Making connected games a reality for all developers
The gaming industry is undergoing a massive transformation. It eclipsed the movie and music industries based on economic impact years ago, and is becoming the key driver for entertainment spending across the globe, at well over $100B worldwide. Platforms such as iOS and Android have brought gaming to billions of people. Video sharing and live streaming have popularized an entire new movement of eSports, reinforcing gaming’s popularity. Connected games featuring rich multiplayer experiences, online stores, and in-game events have become instant hits across hundreds of millions of people, and brought massive financial success to their developers.
But if we look at trends in the industry, we are still far from its maximum potential. Traditional monetization models, such as packaged software sold in retail stores, are increasingly being replaced with in-game transactions and subscription models. The path that Netflix trail-blazed for video on-demand is making its way to gaming. Gaming hardware and major game developers are starting to explore subscription-based unlimited consumption models. And the advent of GPUs in data centers and reliable and economical cloud infrastructure is opening the door to remote game streaming, as exemplified by offerings from Sony and Nvidia. Ubisoft for instance has been very public about the potential of streaming to replace other gaming models.
In my role within the Office of the CTO, I talk to game executives that are intrigued by the opportunities presented by connected gaming, but also wary of the challenges. In addition to the traditional engine and content work, game studios now have to develop expertise in designing, deploying and managing DevOps for substantial network infrastructure components, multiplayer servers, persistent game worlds and matchmaking engines. Connected games feature leaderboards, microtransaction stores, payment processing, anti-abuse systems and player analytics. These are just some of the examples of services that developers may have to implement to compete in this arena. All that on top of the more fundamental problem of procuring, managing and securing computing infrastructure.
At Google Cloud we’ve spent many years building reliable infrastructure that game companies and indie development studios can leverage to create these new types of gaming experiences. The main limiting factor to adopting this technology is expertise in cloud computing. Because of that, we recently announced an alliance with Unity to develop infrastructure, tools and open-source components to bridge this gap, and help game studios large and small develop rich, full-featured connected multiplayer experiences faster and more reliably. For example, last week, we released Open Match, an open-source matchmaking engine.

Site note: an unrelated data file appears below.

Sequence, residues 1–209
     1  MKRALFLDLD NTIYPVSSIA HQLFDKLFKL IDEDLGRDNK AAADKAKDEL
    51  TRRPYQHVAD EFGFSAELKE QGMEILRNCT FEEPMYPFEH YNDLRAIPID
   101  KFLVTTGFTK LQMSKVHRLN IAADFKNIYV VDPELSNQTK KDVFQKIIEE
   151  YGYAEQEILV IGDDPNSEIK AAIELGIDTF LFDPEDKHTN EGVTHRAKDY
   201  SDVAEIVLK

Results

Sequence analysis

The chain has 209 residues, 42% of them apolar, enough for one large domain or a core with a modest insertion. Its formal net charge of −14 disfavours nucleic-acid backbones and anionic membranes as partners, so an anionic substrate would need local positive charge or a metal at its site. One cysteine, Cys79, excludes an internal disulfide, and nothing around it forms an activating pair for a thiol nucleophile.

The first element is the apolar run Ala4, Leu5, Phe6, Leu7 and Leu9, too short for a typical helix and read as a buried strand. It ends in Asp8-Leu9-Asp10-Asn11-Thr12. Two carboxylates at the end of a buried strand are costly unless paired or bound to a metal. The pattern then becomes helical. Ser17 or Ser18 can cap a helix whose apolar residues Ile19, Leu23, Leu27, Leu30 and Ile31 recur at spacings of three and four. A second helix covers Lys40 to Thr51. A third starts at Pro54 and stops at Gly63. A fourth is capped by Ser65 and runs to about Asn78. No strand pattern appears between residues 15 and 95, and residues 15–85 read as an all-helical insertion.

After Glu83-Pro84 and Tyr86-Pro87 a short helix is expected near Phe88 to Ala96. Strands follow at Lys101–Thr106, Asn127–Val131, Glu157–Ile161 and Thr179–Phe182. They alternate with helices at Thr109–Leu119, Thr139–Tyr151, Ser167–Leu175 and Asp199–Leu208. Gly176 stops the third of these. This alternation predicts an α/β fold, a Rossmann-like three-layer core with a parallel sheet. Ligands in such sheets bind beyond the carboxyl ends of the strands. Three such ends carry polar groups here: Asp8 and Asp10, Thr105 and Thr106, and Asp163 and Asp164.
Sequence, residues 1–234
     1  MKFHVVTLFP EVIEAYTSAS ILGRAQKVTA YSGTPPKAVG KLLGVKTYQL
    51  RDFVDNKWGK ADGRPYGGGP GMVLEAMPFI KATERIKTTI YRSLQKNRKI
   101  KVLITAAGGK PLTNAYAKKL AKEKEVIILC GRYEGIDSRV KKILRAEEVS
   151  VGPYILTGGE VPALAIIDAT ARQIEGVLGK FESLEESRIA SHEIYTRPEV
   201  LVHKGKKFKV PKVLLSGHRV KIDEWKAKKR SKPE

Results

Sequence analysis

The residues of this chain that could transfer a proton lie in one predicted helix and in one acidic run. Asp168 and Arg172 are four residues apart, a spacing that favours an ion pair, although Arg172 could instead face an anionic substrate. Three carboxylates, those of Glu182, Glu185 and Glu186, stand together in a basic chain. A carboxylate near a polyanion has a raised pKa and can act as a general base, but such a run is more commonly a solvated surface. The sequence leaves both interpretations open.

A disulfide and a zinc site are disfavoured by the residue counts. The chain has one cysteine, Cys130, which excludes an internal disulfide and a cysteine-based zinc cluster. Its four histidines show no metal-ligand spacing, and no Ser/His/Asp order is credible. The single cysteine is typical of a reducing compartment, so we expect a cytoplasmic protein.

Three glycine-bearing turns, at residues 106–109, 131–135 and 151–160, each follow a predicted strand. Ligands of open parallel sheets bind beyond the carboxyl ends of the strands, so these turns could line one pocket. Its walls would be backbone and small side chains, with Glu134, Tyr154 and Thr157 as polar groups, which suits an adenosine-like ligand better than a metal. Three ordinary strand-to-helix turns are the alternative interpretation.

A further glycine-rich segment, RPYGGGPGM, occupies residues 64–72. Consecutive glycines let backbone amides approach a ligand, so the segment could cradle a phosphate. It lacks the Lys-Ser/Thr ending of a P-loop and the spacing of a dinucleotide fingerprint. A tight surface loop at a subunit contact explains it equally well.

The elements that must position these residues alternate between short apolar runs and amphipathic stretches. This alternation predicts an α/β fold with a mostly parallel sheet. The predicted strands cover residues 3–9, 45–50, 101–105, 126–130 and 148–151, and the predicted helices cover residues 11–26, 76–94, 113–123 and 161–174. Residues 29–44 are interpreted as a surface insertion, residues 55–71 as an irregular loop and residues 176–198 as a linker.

Our goal with this alliance is to provide easy-to-use solutions for common game development problems, such as deploying a multiplayer server without having expertise in setting up VPCs and load balancers. We want to enable easy interaction with tools game developers are already familiar with—the Unity editor and development dashboard—and provide an easy way for game developers to integrate multiplayer logic into their games.
We also think that it should be easier to leverage Google Cloud to do things that are not otherwise possible today with on-prem systems. For example, imagine being able to capture player behavior across tens of millions of devices, stream it to a data warehouse and perform real-time analytics on it to improve player experience. This is beyond the capabilities of any traditional single-node database, but it’s possible using BigQuery, Google’s massively scalable data warehouse.
If you want to learn more about how your organization can start leveraging Google Cloud for online multiplayer games, make sure to register for Cloud Next Tokyo or London, where Unity and many of us at Google will be presenting. We can’t wait to see what new games you will build!